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Understanding Nonfinancial Reporting

Corporate reporting has evolved over the last two decades. Mainstream financial reporting historically involved the legal documents and records that give investors, stakeholders and business analysts vital information, such as how much money a business is making or losing, how its assets stack up against liabilities, where the business gets its capital, and if the business has enough capital for future growth. Today, nonfinancial reporting, or integrated reporting (IR), is an emerging accounting approach that is gaining popularity with organizations around the world, according to the Chartered Institute of Management Accountants. A number of studies over the past several years on the complexities and challenges of financial reporting have revealed the need for clear, transparent financial and nonfinancial information about how managers runs businesses.

Accountants are responsible for the accuracy of the financial information their companies report, and they are playing an increasingly important role in integrating nonfinancial reporting. It is crucial that professional accountants and auditors understand not only the fundamentals of financial reporting and accounting practices but also the importance and methodology of using nonfinancial reporting to present a business’s “big picture.”

Implementing an effective nonfinancial reporting program is complex, but accountants with the know-how can become leaders in their organizations, helping their management teams improve decision-making and driving company-wide success. A report published by The Institute of Internal Auditors (Global Perspectives and Insights: Beyond the Numbers — Internal Audit’s Role in Nonfinancial Reporting, October 2015), indicates that internal audit can be a change agent for nonfinancial reporting, providing guidance on implementation of plans and performance as well as providing assurance on the preparation of nonfinancial reports and on the processes that produce the data and information. The IIA says internal audit can partner with external audit to ensure that nonfinancial reporting is efficient, reliable and cost-effective.

What Is Nonfinancial Reporting, and What Are Its Benefits?

The term nonfinancial reporting is broad and, generally speaking, refers to information that falls outside traditional financial statements. Nonfinancial reporting is sometimes called social accounting, corporate social responsibility reporting, sustainability reporting, environmental reporting, triple bottom line reporting and service performance reporting. These terms are all elements of integrated reporting, which combines a company’s financial and nonfinancial performance analyses. IR relies on integrated thinking, and it reports on a company’s strategies, objectives, performance, risks, controls and incentives to demonstrate an organization’s sustainability and short-, medium- and long-term values.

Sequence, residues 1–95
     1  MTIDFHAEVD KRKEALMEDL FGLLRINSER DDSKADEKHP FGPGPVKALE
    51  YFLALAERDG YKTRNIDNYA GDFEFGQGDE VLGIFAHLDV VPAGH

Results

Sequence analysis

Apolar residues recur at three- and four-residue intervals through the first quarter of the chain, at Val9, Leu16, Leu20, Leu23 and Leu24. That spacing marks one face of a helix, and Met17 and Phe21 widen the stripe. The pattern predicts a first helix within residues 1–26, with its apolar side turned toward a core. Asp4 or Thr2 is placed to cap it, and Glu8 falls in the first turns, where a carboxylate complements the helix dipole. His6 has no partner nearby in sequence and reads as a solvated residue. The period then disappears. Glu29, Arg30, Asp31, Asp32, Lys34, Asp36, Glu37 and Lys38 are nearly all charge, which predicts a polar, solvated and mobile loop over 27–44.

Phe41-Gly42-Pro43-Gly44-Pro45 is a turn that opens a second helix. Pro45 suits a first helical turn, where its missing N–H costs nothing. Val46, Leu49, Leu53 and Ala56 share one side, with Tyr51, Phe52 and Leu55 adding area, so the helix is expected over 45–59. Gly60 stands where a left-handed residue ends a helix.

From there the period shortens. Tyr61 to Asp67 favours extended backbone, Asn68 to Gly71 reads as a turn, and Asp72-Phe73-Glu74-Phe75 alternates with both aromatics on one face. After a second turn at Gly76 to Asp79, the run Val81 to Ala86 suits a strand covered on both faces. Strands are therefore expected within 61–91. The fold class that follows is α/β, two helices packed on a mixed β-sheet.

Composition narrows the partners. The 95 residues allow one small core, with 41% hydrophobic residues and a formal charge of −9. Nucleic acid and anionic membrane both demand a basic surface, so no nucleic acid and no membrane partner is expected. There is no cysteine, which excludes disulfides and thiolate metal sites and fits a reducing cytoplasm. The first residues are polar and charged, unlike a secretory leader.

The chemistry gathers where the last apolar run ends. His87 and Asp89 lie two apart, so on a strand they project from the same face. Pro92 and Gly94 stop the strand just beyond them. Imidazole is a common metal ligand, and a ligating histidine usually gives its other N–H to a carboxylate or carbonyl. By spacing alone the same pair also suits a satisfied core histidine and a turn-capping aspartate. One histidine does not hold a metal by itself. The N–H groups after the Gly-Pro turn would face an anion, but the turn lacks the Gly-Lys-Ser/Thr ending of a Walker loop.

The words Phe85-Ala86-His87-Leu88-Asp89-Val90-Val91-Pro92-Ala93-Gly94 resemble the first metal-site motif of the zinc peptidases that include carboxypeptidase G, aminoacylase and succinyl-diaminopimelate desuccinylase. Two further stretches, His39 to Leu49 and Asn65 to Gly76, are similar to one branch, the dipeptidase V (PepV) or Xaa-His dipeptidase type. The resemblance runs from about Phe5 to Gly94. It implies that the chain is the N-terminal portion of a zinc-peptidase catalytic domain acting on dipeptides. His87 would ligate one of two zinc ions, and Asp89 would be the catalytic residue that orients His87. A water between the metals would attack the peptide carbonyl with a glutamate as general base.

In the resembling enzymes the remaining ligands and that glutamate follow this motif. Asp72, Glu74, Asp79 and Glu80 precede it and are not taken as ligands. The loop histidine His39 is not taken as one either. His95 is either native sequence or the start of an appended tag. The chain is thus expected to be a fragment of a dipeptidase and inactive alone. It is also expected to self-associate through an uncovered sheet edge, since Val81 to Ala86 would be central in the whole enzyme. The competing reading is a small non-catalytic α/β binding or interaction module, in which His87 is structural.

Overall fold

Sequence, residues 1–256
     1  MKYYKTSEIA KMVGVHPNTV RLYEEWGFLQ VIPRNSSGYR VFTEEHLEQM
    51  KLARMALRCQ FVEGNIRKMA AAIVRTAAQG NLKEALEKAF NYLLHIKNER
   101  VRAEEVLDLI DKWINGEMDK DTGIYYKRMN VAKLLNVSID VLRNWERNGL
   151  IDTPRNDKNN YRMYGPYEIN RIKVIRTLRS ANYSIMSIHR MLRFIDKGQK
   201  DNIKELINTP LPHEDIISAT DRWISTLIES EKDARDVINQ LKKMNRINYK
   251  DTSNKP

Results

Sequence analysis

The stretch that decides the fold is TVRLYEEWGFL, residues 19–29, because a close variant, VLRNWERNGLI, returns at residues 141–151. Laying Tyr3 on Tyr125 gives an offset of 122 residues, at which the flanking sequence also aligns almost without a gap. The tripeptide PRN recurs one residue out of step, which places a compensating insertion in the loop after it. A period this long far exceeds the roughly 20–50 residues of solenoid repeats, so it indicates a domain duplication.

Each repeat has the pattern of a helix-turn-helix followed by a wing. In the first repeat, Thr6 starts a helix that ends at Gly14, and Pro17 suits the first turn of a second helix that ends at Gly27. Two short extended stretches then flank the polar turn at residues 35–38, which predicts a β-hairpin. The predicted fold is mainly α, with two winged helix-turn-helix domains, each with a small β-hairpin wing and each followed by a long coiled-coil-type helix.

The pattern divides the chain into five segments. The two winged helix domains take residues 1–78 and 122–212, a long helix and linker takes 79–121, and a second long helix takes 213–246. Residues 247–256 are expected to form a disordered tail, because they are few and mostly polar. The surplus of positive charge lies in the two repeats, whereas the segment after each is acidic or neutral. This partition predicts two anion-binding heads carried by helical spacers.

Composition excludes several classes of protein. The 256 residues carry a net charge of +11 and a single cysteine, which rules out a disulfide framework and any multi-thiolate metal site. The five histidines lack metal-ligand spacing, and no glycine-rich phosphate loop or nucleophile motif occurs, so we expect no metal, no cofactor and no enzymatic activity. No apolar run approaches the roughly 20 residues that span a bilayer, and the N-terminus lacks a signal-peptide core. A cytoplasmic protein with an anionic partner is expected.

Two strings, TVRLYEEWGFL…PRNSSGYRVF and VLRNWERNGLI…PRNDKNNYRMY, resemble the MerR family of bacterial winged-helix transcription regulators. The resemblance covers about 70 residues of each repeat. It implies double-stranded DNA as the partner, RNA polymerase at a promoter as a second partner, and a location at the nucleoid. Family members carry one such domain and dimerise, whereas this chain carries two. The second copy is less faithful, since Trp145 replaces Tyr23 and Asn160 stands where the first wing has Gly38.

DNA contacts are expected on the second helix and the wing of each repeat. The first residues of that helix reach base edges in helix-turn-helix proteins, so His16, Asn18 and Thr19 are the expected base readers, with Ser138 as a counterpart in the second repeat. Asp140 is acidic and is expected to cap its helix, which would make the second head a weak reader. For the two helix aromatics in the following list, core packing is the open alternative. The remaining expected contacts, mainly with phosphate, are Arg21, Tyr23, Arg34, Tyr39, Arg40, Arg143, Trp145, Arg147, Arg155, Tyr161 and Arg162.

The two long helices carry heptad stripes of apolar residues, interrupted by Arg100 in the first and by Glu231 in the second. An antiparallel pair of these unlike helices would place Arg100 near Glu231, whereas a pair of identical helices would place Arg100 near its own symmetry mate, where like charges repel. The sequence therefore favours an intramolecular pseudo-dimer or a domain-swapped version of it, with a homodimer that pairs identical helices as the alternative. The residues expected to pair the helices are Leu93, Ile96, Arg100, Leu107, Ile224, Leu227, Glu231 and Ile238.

Since 2010, the IIRC (International Integrated Reporting Council) has led the effort to build the first IR framework. The IIRC has brought together world leaders from the corporate, investment, accounting, securities, regulatory, academic, civil society and standard-setting sectors to develop this new reporting concept. According to the IIRC, it is becoming more important that organizations understand and periodically report all facets of their performances and performance drivers and not just short-term financial aspects. Providing a “dashboard” view of an organization’s activities and performance, IR will enable more effective decision-making by executives and boards of directors; it will also improve the information available to investors, and it will encourage more integrated thinking and better business practices.

The role of accountants and auditors in integrated reporting cannot be overemphasized. As the need for IR in business grows, accountants will be instrumental in its development and implementation, according to the joint report from ACCA (Association of Chartered Certified Accountants) and IMA (Institute of Management Accountants). The report, “From Share Value to Shared Value: Exploring the Role of Accountants in Developing Integrated Reporting in Practice,” says accountants are in a unique position to identify areas to improve with IR and to develop solutions. “The roles of accountants in implementing UR are of utmost importance,” says Faye Chua, head of business insights at ACCA. She goes on to say “CFOs can be leaders of the IR projects within their companies. Accountants, management accountants, and auditors have important roles to play in devising the right accounting for capitals, the right information systems, and the right assurance for the reported information.”

Individuals and accountants who would like to be more involved with, or even drive, the IR efforts in their organizations might consider earning an online MBA in accounting. An online MBA in accounting from an accredited college or university can prepare students with a solid foundation in accounting as well as knowledge about nonfinancial reporting and the tools to develop and implement it.

Learn more about the UWF online MBA program with an emphasis in Accounting.


IFAC: Roles and Importance of Professional Accountants in Business

GRI: What Is Sustainability Reporting?

Chartered Accountants Australia and New Zealand: Reporting

Houston Chronicle: The Definition of a Non-Financial Model

Houston Chronicle: The Importance of the Non-Financial Objectives Theory

BusinessFinanceMag: Accounting for Non-Accountants

MindTools: Understanding Accounts

EY: Investment Rules 2.0

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